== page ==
____________________________________________________________________________________________

    @Enzo Why did Yajima not want Shinjuro to search for his children?

    Wasn’t it was because the poor man came to the rash conclusion that his children were dead due to his wife’s (non-existent) affair with Kaishou after Shinjuro’s examination of the initial piece of the coded message? He then must have decided that finding them wouldn’t bring them back from the dead, and there’s no way in hell that Kaishou would allow his lover to be pinned with murder- so the only way to do justice was to kill Takako…

    Zen
      1. Yeah, I watched the episode again and as much as I like your interpretation, the continued visits after the kids vanished don’t fit Rinroku’s narrative. (Note: in real life this wouldn’t be nearly as suspicious — he’s just checking up on the wife — but we’re talking about a mystery show here so different rules apply.)

        So there’s a fly in the ointment. The scenario seems likelier to be something like:
        – (!) Rinroku started having an affair with the wife for whatever reason
        – Rinroku notices the kids are severely neglected
        – Rinroku and Izumi, etc., arrange for the kids to “disappear” and go into protective custody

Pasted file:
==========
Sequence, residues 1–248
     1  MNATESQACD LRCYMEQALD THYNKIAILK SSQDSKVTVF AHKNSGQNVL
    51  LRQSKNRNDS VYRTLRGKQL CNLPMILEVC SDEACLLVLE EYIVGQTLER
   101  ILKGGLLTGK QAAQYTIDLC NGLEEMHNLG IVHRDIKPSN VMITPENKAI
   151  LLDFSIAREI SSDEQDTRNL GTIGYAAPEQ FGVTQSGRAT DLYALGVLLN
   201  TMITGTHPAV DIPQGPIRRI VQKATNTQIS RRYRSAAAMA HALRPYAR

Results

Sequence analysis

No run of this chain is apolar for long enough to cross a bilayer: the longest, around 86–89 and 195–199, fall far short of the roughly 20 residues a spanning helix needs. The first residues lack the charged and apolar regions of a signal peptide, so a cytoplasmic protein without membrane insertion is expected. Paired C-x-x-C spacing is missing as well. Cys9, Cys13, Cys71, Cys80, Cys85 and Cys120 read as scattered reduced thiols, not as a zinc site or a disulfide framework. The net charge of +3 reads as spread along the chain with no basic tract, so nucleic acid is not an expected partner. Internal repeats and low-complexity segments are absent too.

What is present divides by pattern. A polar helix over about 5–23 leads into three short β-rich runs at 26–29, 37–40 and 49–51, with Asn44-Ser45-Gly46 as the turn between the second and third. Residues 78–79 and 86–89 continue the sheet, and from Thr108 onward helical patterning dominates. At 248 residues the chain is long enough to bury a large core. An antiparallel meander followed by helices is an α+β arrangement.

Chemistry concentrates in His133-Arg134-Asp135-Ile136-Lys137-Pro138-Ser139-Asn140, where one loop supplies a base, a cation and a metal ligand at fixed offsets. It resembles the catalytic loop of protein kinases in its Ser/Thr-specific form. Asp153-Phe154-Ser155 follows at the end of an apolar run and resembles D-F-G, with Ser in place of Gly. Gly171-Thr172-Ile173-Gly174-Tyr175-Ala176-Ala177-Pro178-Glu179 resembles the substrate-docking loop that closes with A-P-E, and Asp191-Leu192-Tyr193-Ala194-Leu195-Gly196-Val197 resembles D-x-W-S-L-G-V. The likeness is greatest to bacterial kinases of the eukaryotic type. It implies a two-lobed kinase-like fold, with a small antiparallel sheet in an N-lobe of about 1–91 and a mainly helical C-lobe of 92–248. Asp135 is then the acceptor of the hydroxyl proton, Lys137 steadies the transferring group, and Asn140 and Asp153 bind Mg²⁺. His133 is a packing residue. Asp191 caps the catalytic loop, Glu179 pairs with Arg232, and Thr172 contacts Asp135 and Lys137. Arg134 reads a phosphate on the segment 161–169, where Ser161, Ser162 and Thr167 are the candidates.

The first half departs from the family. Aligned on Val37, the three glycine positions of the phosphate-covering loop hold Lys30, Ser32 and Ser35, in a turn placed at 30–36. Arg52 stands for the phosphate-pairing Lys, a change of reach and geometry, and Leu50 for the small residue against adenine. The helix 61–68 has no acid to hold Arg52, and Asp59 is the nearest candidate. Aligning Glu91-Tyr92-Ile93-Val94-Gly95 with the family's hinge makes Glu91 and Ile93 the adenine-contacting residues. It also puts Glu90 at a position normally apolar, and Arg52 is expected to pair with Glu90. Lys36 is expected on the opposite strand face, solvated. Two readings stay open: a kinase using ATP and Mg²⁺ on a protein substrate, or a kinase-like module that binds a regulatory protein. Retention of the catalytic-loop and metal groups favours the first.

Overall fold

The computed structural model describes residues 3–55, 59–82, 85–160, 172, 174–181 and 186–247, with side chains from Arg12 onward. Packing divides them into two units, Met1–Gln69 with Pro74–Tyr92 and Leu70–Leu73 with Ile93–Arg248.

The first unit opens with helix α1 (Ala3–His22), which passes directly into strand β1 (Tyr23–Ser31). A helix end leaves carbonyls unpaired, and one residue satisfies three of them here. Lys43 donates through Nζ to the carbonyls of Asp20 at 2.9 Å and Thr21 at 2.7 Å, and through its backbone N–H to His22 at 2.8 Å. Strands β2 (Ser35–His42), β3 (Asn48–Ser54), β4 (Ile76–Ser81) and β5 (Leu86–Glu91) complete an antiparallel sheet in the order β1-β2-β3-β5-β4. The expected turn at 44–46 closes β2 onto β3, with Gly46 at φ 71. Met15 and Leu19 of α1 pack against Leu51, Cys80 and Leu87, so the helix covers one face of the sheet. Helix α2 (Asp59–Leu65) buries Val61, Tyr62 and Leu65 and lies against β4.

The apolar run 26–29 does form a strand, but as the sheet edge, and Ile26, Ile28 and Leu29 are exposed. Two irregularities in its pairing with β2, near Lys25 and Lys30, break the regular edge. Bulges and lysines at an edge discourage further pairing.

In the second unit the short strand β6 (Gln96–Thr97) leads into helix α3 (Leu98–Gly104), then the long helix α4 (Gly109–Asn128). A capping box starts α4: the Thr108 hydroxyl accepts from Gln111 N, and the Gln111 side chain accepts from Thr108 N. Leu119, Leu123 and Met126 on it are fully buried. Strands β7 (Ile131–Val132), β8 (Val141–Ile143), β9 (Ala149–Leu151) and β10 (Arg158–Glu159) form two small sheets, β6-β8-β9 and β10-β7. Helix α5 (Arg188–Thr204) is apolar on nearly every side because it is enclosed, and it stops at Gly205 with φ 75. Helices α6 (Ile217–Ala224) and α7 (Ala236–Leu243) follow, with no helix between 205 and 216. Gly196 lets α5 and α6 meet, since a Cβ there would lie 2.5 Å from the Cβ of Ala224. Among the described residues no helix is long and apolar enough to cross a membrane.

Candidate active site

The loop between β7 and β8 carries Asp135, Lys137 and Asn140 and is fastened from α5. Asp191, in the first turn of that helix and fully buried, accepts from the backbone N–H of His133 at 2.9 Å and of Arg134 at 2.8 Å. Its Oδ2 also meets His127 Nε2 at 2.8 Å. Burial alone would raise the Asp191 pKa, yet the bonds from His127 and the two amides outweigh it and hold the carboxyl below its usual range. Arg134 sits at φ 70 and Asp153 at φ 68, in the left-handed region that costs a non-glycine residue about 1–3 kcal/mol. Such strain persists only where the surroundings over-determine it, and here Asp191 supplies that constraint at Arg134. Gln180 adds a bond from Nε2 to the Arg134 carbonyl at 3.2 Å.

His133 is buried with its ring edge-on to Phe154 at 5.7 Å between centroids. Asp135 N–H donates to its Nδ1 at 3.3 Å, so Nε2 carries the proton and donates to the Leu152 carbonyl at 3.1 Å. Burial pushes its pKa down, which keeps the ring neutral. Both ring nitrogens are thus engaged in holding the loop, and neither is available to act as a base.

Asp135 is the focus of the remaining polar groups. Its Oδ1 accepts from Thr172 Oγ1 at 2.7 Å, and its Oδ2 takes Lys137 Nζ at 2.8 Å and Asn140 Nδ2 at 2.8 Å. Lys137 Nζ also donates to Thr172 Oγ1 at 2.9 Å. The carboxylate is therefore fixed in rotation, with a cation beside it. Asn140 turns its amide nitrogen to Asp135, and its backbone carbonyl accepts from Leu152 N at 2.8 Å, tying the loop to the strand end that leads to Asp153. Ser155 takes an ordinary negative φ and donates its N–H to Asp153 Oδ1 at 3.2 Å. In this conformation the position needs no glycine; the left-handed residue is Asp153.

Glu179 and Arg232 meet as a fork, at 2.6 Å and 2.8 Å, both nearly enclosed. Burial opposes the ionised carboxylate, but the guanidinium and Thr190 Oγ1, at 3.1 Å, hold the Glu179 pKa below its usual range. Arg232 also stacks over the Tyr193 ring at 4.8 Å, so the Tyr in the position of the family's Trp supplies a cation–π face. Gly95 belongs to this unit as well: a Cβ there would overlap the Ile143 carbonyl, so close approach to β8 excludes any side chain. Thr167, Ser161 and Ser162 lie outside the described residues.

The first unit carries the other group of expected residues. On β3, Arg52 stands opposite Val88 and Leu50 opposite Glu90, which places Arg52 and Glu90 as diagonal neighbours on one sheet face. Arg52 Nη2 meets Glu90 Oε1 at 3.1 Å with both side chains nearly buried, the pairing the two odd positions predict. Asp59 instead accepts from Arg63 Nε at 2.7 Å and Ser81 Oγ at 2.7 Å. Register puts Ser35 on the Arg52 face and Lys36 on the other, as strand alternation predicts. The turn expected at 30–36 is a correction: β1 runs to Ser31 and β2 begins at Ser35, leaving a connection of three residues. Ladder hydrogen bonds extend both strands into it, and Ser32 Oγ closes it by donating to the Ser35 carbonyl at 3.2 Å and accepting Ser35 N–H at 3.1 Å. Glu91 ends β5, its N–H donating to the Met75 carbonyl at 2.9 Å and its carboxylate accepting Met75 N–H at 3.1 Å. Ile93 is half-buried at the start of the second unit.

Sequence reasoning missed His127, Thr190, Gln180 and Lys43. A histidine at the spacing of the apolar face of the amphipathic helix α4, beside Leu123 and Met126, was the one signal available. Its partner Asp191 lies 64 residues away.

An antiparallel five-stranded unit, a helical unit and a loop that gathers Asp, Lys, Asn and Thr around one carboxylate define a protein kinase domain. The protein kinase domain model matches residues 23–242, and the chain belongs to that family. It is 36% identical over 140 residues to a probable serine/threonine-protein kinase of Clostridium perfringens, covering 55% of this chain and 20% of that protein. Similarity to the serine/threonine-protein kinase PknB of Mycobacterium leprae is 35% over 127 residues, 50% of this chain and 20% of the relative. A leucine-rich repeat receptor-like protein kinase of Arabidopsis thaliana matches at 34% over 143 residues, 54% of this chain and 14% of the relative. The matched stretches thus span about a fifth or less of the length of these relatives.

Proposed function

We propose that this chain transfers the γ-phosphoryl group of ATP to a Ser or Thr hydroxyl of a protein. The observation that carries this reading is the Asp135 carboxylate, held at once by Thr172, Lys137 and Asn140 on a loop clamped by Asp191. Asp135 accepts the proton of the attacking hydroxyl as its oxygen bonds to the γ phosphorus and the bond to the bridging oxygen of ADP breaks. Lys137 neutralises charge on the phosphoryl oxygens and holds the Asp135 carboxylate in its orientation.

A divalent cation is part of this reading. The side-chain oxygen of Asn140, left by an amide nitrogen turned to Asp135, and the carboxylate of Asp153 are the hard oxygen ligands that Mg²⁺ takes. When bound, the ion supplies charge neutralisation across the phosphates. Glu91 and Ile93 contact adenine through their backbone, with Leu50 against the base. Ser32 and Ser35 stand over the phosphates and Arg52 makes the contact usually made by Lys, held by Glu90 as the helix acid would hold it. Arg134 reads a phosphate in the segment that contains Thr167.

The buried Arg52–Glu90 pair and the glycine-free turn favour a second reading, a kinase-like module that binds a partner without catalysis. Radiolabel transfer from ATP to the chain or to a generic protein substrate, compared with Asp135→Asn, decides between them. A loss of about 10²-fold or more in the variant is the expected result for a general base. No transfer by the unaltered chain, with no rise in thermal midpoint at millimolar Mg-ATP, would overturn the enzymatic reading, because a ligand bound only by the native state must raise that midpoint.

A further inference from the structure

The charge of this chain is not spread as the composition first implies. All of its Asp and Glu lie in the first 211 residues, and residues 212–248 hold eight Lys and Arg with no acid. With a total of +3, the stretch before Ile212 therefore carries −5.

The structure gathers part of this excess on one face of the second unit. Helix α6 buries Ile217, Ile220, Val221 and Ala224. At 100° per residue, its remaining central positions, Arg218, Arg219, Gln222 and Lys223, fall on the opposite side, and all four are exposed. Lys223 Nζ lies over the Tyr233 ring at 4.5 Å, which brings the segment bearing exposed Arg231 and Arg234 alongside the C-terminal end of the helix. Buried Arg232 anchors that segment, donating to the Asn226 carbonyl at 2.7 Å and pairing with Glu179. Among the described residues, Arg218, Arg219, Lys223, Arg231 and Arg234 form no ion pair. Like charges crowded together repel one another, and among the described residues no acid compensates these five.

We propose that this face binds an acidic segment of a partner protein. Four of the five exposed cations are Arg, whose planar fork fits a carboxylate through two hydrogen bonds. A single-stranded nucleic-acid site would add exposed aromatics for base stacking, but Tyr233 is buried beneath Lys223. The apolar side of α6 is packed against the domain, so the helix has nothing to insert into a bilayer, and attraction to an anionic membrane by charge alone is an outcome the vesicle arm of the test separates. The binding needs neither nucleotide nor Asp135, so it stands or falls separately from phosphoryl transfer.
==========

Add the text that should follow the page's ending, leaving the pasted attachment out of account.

– wife thinks she lost the kids, blinds herself, sells off the library
        – as part of the cover-up Rinroku buys the guys’ books from the bookstore (perhaps the kids told him about the messages…)
        – (!) Rinroku continues the affair off and on, presumably stopping once Yajima is close to release (or it just didn’t work out…)
        – when Shinjuro solves the case enough to get Yajima looking through the rubble Rinroku brings the kids back to cut off the investigation (before it digs something else up)
        – the novelist somehow knows all of this, and constructs fictitious evidence that will lead Yajima to discover the underlying affair (which, in turn, will lead him to murder his wife thinking she murdered the kids…)